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The sexual behavior of Anura. 6, The mating pattern of Bufo americanus, Bufo fowleri, and Bufo terrestris. American Museum novitates ; no. 1250

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dc.contributor.author Aronson, Lester R. (Lester Ralph), 1911- en_US
dc.contributor.author Noble, Gladwyn Kingsley, 1894-1940. en_US
dc.date.accessioned 2005-10-06T17:13:55Z
dc.date.available 2005-10-06T17:13:55Z
dc.date.issued 1944 en_US
dc.identifier.uri http://hdl.handle.net/2246/3730
dc.description 15 p. : ill. ; 24 cm. en_US
dc.description Includes bibliographical references (p. 14-15). en_US
dc.description.abstract "Three distinct vocalizations are recognized in the male toads, namely, the sex trill, the chirp, and the warning vibration. These calls are seasonal, being most easily elicited at the height of the breeding season. After the season they dsappear in the following order: sex trill first, chirp second, and warning vibration last. 2. In an experimental situation, sexually active male toads do not discriminate at a distance between other males or females but attempt to clasp members of either sex with equal frequency. There is, however, a slight tendency to clasp pairs more frequently than individuals, the clasps in these cases being directed almost entirely to the male of the pair. This preference for pairs is probably due to greater activity on the part of the pairs. 3. The sex-recognition mechanism (discrimination of a male from a female after amplexus is attempted) is found to be very efficient. The mechanism depends almost exclusively on the warning vibration of a male being clasped. These vibrations act as tactual stimuli of the ventral pectoral region and medial surfaces of the forelimbs of the clasping male, causing him to reject the clasp object. Females do not emit these vibrations, and therefore the clasping male maintains amplexus. Relative girths of male and female, relative 'repulsive actions' of both sexes, and the male's chirp are found not to be efficacious in sex recognition. 4. The positions and movements of the male and female during the oviposition are described in detail. 5. Release of the female by the male at the termination of the oviposition follows a severe concave arching of the back of the female, which partially lifts the male off the female. 6. Pseudo-oviposition (oviposition movements without the deposition of eggs) can sometimes be induced in anterior pituitary injected but unovulated females when clasped by males"--P. 13-14. en_US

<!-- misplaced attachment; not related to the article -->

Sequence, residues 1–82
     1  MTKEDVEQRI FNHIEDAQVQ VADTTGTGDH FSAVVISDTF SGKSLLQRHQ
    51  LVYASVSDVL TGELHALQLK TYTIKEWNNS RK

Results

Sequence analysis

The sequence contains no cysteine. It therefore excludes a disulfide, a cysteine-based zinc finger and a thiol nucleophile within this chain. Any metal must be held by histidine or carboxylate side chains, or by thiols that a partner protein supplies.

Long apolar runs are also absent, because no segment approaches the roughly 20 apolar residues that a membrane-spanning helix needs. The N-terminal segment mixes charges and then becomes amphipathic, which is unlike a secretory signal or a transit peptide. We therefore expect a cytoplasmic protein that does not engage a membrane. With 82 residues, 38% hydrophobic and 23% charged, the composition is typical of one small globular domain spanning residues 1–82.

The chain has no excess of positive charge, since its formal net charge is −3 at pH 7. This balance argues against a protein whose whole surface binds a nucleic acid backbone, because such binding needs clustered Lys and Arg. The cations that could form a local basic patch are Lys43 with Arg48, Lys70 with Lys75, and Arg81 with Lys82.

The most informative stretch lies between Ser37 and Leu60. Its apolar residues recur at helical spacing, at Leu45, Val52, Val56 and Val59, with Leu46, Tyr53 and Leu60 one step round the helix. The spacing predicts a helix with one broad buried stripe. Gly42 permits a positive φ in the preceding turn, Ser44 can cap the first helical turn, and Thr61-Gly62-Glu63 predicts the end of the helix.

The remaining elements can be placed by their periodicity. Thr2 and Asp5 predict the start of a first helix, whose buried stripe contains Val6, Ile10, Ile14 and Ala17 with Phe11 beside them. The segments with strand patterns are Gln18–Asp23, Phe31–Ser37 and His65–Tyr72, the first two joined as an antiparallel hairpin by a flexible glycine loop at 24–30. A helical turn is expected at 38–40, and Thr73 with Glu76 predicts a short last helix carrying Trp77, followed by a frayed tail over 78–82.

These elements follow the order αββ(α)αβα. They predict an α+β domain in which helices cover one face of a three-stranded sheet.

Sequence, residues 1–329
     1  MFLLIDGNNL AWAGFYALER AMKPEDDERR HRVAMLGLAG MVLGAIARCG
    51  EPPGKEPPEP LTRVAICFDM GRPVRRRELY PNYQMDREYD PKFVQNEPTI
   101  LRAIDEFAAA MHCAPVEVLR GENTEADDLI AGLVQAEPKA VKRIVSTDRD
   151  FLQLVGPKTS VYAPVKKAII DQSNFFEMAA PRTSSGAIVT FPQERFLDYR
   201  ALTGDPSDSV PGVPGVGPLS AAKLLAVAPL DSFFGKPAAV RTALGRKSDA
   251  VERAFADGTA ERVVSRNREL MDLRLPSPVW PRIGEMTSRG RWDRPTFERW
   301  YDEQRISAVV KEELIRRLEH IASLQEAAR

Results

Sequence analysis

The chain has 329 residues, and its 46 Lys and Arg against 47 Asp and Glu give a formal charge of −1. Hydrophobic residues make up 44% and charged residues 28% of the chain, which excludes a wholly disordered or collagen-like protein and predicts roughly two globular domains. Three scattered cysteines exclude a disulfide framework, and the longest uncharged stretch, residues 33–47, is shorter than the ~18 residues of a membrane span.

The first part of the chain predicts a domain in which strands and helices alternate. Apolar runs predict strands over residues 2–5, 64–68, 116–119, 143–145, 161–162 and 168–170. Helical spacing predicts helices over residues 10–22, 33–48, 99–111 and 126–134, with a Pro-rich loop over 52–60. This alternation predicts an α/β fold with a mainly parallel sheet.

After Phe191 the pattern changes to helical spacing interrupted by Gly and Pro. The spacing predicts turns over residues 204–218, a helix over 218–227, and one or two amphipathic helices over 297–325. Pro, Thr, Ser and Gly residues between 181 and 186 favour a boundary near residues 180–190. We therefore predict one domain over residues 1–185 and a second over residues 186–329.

dc.format.extent 2033656 bytes
dc.format.mimetype application/pdf
dc.language eng en_US
dc.language.iso en_US
dc.publisher New York City : The American Museum of Natural History en_US
dc.relation.ispartofseries American Museum novitates ; no. 1250 en_US
dc.subject.lcc QL1 .A436 no.1250, 1944 en_US
dc.subject.lcsh Bufo -- Behavior. en_US
dc.subject.lcsh Bufo -- Reproduction. en_US
dc.subject.lcsh Sexual behavior in animals. en_US
dc.subject.lcsh Toads -- Behavior. en_US
dc.subject.lcsh Toads -- Reproduction. en_US
dc.subject.lcsh Anura -- Behavior. en_US
dc.subject.lcsh Anura -- Reproduction. en_US
dc.subject.lcsh Amphibians -- East (U.S.) en_US
dc.title The sexual behavior of Anura. 6, The mating pattern of Bufo americanus, Bufo fowleri, and Bufo terrestris. American Museum novitates ; no. 1250 en_US
dc.title.alternative Mating pattern of Bufo americanus, Bufo fowleri, and Bufo terrestris en_US
dc.type text en_US


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  • American Museum Novitates
    Novitates (Latin for "new acquaintances"), published continuously and numbered consecutively since 1921, are short papers that contain descriptions of new forms and reports in zoology, paleontology, and geology. New numbers are published at irregular intervals.

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